Here’s the letter I’m going to send to Education Minister Kate Jones (education@ministerial.qld.gov.au) today

You might like to send one expressing similar concerns (but in your own words).

To the Hon Kate Jones, Minister for Education, and Minister for Tourism, Major Events and the Commonwealth Games,

I read with concern the reports in The Australian this morning about Christian children talking about Jesus in the school yard. So I then read the Report on the Review of the ACCESS ministries’ Religious Instruction Materials. I’m an RI teacher in an inner-city primary school, and a parent of a child in prep.

As a parent, and RI teacher (teaching the approved materials), I teach that the good news about Jesus shapes everything we do as followers of Jesus; that this needs to be the case in order for us to have integrity as people — where our religious beliefs and our behaviour line up. As Christians we don’t believe there is any area of our life where Jesus is not king, God is not God, and the Gospel is not true. Any sense that a Christian kid should not acknowledge this in the playground is asking them to not live with integrity, and I believe that is harmful. Part of following Jesus as king is living by the words of the Bible, we’re we are told to ‘go and make disciples’; I’m the first to admit that there are ‘evangelistic’ strategies that can be damaging and manipulative, and even unsafe.

I am concerned about a particular paragraph in the review that encourages schools to ‘take appropriate action’ if students are evangelising. The word ‘evangelising’ comes from the Greek word we get ‘Gospel’ from; the Gospel is the belief that Jesus is king. Evangelising is speaking as though that is true. It’s an inevitable outcome of being a Christian. So I’m concerned about what ‘appropriate action’ is? I’m concerned that behind that paragraph is a particular view of what ‘secular’ means; that it is not making our shared spaces places where there is no official religion at the exclusion of others, which would be unsafe, but that it is excluding religious content from shared spaces. I hope that in a secular, pluralistic, democracy I’m both raising my children and encouraging kids in RI, to listen to other voices, to respect other people and their right to be free to participate in religion and religious communities as they choose. I do not think excluding religion from shared space — like the playground — will have the effect of making that place safe; it will make it dangerous for religious children who will have to unravel the teaching of their parents and communities to walk a line that at the moment appears arbitrary. I don’t think it will have good educational or social outcomes either; it will enforce a damaging definition of secularism that will produce sectarianism as religious children and adults find ‘safe spaces’ in their own communities, and it will prevent our children coming to common understandings of each other across community divides.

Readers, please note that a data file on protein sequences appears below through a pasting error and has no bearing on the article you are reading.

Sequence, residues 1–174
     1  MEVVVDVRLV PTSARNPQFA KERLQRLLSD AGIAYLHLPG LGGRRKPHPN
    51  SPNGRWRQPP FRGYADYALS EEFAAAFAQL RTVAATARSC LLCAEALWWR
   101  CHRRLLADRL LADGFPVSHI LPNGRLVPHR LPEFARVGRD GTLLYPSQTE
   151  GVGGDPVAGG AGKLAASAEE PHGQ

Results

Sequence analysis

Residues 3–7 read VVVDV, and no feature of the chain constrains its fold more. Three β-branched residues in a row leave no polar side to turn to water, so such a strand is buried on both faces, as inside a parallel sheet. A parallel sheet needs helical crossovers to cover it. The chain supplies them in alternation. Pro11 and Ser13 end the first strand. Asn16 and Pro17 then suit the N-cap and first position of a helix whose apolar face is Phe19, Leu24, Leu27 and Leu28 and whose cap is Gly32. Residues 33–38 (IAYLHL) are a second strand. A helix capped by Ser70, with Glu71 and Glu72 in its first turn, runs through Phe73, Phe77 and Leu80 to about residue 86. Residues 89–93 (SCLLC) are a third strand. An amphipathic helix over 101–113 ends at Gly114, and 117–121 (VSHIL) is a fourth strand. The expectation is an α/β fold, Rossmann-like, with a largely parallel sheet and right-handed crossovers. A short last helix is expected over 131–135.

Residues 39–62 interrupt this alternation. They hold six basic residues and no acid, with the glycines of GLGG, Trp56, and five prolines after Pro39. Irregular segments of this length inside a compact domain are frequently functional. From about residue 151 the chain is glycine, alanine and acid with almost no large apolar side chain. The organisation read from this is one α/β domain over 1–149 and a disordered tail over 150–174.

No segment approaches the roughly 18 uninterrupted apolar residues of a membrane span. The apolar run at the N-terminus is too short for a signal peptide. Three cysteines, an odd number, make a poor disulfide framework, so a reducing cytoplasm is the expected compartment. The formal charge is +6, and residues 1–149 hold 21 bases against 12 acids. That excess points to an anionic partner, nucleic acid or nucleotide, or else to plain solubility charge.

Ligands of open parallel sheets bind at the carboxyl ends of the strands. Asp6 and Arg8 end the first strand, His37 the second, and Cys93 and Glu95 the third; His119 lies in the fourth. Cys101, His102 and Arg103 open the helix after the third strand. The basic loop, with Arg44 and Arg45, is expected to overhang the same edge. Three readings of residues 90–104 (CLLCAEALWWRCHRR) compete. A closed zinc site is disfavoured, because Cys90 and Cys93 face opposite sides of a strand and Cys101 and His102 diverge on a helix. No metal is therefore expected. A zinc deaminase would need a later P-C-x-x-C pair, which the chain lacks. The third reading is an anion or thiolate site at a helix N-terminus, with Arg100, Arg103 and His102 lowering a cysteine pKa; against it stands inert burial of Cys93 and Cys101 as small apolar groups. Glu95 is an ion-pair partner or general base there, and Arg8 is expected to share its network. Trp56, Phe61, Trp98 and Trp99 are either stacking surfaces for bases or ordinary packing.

Could your department urgently clarify this situation to provide clarity for Christian parents and children in our school communities?

Regards,

Nathan Campbell

Update

Since publishing this article, The Department has issued a statement clarifying their stance on Religious Instruction in schools. You can read the statement on the QLD Government Statements page